N2 is less than a month away. N3 and mortgage regulation follow next year and, who knows, maybe N4, 5 and 6. Therefore, IFAs are currently facing a bigger compliance burden than ever before.
In theory, N2 creates a single statutory regulator for the financial services industry. However, in reality, there are many others, including some self-regulatory organisations, that have their own codes of practice.
As Corey Boles quite rightly pointed out in last week's Money Marketing, although these organisations operate on a voluntary basis, for most IFAs, the prospect of being named and shamed ensures adherence to their standards.
I am confident that the compliance burden will not shrink as a result of N2 and I also bel-ieve costs will increase. If anything, compliance is going to become an increasingly laborious part of an IFA's job. With this in mind, IFAs should be looking at ways to reduce the time they have to spend on compliance issues while still maintaining the professional and regulatory standards required of them.
Technology is helping IFAs save time in many areas of their business process and compliance is no different. It can rem-ove the traditional paperbased admin burden associated with compliance, freeing up time and resources for IFAs to get on with building their business. The cost of spending time on compliance rather than with customers is a major issue for all IFAs.
However, a survey of 200 IFAs carried out at one of our recent technology seminars shows that IFAs are not taking full advantage of technology when it comes to compliance.
On a more positive note, there are many areas where technology is being indirectly used for compliance purposes. The FSA Conduct of Business sourcebook stipulates the requirement for a suitability letter giving evidence that the IFA has carried out a full review of all the products and providers in the market.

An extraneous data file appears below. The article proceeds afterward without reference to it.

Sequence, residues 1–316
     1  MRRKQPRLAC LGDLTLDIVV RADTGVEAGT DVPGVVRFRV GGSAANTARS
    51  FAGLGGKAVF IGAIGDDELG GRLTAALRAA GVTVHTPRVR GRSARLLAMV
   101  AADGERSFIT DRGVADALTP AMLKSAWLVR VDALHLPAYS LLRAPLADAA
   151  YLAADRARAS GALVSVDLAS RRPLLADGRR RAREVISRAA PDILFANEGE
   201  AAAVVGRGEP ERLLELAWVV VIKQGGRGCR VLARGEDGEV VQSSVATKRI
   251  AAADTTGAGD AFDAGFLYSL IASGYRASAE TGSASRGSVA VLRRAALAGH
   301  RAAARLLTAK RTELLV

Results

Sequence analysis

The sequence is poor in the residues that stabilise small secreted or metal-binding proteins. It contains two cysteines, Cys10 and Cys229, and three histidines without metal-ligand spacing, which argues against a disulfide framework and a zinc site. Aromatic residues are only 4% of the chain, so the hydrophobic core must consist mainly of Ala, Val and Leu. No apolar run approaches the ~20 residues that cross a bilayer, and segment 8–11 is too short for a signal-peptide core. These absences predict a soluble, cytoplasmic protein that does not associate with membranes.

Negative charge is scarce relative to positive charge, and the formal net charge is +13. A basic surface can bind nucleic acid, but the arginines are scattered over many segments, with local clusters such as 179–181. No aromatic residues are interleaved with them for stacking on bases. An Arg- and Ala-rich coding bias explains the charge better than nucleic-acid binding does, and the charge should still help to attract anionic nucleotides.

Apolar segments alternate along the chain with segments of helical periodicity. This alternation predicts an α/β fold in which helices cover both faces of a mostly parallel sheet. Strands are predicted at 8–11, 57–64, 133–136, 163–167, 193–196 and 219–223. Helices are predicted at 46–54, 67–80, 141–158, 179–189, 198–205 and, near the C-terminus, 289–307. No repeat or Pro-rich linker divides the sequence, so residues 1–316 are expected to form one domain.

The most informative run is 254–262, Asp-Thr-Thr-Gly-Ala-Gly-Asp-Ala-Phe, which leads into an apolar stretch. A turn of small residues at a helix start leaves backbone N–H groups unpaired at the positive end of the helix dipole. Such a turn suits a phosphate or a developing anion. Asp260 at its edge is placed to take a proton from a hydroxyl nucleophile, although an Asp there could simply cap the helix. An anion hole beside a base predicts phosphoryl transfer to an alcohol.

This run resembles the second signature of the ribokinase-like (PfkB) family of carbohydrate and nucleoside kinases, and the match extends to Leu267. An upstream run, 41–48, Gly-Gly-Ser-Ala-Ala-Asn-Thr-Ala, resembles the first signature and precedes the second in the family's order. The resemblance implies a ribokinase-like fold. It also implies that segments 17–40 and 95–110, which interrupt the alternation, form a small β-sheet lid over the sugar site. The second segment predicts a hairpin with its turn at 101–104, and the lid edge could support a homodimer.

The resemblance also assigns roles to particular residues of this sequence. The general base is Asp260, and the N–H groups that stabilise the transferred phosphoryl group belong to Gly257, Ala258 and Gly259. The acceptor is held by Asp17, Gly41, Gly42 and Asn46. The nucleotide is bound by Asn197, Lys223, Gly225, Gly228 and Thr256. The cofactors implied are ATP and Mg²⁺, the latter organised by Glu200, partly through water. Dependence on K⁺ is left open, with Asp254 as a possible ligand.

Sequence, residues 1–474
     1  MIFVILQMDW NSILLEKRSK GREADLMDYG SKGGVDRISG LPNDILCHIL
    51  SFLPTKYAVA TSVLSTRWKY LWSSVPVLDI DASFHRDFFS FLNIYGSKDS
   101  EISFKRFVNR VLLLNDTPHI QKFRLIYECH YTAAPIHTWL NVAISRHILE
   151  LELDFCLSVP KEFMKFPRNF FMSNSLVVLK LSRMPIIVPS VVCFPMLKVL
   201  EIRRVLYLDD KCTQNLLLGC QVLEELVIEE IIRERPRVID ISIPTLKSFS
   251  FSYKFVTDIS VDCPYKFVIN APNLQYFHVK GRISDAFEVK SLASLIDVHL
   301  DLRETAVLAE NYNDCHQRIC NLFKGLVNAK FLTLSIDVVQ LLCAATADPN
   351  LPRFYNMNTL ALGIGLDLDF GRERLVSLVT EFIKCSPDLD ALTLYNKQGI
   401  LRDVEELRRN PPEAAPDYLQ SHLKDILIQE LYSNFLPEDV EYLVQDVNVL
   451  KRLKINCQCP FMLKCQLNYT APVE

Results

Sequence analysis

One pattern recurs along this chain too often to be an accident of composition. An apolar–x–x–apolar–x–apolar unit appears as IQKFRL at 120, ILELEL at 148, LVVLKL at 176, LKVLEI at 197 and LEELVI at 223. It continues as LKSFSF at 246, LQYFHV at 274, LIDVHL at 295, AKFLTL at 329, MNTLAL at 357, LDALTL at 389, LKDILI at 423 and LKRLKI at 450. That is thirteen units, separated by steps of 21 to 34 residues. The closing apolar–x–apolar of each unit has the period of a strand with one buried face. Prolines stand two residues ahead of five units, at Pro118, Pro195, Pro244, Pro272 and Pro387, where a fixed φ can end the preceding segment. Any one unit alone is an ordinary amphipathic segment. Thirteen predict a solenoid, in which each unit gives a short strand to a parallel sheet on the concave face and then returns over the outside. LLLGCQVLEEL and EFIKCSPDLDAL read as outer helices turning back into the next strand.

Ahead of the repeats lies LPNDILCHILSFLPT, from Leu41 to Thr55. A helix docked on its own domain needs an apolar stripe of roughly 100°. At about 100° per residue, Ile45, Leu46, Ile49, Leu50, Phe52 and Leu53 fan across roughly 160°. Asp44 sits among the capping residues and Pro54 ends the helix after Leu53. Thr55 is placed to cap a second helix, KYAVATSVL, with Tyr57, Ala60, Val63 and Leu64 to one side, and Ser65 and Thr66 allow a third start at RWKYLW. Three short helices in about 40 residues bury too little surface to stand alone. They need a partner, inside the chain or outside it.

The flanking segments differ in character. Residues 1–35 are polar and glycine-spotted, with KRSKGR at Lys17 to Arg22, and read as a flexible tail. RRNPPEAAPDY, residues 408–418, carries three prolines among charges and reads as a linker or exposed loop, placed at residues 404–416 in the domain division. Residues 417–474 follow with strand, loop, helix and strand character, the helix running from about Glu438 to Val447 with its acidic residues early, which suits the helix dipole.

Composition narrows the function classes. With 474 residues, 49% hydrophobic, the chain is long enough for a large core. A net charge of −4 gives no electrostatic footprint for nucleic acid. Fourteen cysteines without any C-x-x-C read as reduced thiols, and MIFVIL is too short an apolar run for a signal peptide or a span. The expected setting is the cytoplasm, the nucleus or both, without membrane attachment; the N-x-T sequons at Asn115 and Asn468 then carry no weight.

For rate-driven products, this requirement can be met by sourcing a comparative quote from The Exchange. For more feature-driven products, there are a number of electronic research tools that enable IFAs to carry out more detailed research on specific products.
These are just two examples. There are many other aspects of technology that help IFAs meet regulatory requirements or voluntary codes such as mortgage sourcing systems complying with the mortgage code.
The next stage is to build compliance deeper into the sales admin process. The end-to-end sales admin systems being developed for IFAs at the moment have integral compliance procedures. This will automate many of the compliance requirements that IFAs currently have to meet. Workflows and alerts will identify outstanding tasks and ensure nothing is forgotten.
Under N2, senior managers face strict personal accountability measures. Managers can be suspended, fined or terminated if something goes wrong. A whole section of the rulebook is devoted to this issue. An end-to-end sales admin system allows them to easily monitor the progress of tasks and access data for management reports.
The nature of the financial services industry means compliance is always going to be a big issue. Having been a regulator and terminated over 1,000 firms as well as being subjected to a £250,000 fine, I have seen this from both sides and know the reality of regulation. We need to embrace this issue and make sure that IFAs have the necessary tools to meet the requirements of the regulator while still having time to run and develop their businesses.
Jim Gaskin is managing director of The Exchange